Miscellaneous questions

David Shaw dshaw at jabberwocky.com
Wed Apr 16 15:29:34 CEST 2008

On Apr 16, 2008, at 9:04 AM, Christoph Anton Mitterer wrote:
> On Wed, 2008-04-16 at 08:41 -0400, David Shaw wrote:
>> I was pretty much getting out of this thread as non-useful, but I  
>> have
>> to comment on this.  It's not true.  GPG does not export
>> non-exportable signatures.
> Hmm I wonder if it's worth the effort to publish a review on the RFC,
> would ideas be rejected simply because they change the current way or
> sight on things.
> What do you think?

I think - and please understand I do not mean this as an attack on you  
- that before someone proposes sweeping changes to an RFC, they must  
really understand the history and reasoning behind the original  
design.  Without that understanding, the proposed changes tend to  
become "I don't like this - please change it", without actual  

I contributed a lot of work to 4880, over the span of years.  I found  
that the more I learned, the smaller the change I proposed was.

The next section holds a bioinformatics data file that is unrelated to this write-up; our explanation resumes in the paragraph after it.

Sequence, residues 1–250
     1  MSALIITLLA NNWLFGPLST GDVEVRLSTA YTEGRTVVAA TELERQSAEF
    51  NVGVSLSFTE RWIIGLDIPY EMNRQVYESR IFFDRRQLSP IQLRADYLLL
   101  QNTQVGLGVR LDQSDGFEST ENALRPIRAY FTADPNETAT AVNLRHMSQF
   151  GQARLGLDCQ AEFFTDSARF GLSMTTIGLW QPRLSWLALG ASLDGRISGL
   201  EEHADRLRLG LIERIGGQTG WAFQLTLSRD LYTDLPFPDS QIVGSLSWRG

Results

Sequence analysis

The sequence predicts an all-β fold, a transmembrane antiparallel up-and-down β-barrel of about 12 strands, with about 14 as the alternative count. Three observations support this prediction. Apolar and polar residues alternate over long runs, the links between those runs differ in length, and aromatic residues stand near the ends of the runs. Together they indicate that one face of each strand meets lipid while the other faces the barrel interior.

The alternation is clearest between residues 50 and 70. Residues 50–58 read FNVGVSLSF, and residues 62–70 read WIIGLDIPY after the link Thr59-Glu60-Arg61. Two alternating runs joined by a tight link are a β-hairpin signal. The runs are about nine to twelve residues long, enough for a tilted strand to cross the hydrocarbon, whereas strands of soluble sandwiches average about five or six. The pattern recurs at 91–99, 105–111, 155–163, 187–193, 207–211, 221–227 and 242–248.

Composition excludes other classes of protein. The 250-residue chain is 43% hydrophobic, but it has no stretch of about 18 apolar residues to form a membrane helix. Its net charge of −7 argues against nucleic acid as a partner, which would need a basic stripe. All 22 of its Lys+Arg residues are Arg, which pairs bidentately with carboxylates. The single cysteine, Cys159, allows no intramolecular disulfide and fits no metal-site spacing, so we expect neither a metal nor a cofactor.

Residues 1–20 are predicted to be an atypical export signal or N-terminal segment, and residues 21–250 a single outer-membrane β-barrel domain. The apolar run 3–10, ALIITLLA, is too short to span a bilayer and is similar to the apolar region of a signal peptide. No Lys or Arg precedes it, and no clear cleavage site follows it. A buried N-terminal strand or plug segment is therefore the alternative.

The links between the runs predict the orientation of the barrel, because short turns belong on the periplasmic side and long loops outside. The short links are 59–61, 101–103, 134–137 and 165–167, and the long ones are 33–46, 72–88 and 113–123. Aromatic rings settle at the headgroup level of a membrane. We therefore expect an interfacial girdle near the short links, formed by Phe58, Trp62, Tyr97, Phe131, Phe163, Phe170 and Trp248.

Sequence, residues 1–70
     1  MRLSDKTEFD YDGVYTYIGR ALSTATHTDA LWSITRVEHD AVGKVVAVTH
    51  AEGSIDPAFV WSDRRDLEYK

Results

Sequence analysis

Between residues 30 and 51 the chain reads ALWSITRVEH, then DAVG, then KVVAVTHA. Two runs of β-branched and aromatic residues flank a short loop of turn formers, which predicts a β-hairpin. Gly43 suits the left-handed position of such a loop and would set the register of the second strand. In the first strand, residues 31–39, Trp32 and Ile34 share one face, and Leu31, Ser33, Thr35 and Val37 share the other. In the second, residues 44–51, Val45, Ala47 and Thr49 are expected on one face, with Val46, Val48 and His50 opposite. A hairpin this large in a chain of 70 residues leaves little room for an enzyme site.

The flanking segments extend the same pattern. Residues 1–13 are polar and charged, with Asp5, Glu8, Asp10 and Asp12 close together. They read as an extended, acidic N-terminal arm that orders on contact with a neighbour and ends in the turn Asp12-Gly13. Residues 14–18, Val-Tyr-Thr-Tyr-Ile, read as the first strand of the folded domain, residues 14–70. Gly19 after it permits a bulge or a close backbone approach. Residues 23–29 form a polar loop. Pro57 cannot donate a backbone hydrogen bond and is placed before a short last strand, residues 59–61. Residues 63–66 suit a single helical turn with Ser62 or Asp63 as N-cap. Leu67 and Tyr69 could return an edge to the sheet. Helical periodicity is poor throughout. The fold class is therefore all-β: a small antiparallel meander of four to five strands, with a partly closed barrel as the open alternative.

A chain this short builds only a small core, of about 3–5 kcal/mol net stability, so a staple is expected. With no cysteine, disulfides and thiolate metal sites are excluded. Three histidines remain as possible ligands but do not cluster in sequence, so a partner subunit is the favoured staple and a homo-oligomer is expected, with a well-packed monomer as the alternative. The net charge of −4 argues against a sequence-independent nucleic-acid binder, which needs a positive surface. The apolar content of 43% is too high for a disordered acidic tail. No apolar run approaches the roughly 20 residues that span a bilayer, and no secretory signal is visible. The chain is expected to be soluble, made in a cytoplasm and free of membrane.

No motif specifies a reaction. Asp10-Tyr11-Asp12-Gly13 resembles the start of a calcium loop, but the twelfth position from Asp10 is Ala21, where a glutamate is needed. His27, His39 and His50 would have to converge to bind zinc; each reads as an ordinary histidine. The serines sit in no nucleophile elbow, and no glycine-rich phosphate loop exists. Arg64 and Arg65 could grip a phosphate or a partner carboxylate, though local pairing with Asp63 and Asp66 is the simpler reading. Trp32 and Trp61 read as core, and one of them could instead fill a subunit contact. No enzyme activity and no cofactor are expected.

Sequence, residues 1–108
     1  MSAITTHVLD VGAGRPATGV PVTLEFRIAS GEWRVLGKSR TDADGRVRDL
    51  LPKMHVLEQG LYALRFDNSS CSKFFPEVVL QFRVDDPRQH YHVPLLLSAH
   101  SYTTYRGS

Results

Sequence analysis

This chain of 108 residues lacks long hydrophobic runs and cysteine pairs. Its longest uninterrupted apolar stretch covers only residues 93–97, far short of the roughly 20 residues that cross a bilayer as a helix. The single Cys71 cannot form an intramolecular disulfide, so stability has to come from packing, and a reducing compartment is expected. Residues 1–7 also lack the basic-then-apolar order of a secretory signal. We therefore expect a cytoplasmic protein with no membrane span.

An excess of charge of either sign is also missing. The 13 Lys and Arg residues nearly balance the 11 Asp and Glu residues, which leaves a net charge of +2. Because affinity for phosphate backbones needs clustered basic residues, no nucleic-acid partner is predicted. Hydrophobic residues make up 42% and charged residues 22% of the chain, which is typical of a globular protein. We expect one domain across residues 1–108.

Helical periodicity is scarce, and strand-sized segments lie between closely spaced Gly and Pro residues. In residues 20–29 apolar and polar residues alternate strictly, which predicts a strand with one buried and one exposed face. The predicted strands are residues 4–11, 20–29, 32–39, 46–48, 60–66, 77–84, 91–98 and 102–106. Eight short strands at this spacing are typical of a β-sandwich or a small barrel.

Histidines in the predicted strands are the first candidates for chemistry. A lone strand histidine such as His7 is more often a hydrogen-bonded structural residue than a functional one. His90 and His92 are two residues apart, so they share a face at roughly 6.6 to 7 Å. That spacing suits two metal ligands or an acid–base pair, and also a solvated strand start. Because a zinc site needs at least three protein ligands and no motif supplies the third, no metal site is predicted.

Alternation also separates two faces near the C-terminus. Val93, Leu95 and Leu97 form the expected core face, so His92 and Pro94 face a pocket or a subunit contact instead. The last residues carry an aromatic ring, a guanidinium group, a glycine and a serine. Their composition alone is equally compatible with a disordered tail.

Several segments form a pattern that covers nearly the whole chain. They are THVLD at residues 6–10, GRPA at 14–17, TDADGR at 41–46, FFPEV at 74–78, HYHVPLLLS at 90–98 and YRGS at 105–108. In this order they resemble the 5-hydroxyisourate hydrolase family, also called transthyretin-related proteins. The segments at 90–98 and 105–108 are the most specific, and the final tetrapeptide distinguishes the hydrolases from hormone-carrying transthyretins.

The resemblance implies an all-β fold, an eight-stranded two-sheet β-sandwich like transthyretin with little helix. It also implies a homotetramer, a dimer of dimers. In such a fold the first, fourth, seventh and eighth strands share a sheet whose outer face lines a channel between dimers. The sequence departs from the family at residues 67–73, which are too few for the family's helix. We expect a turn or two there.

Skipping the actual security issue for a moment and just looking at  
code realities, OpenPGP and its ancestors have been around for so  
long, and there is such a huge base of installed code, that this is  
pretty much the only way to work with it.  It's not a blank sheet of  
paper where anything goes.  This is why V5 keys are so appealing -  
it's not exactly a blank sheet of paper, but it's as close as we've  
had for a very long time.

I don't want to discourage you from suggesting changes, but I do  
advise that you really understand what you are suggesting.  For  
example, the ideas around user IDs being required to be full names  
show misunderstanding of the OpenPGP trust model.  The ideas around  
different parts of the user ID living in different packets (attribute  
packets vs user ID packets) would break a large percentage of existing  
systems.  This is fine, of course, if that breakage is balanced out by  
a corresponding gain in the rest of the system, but I don't see that  
corresponding gain.  Work with a scalpel, not a cutlass.


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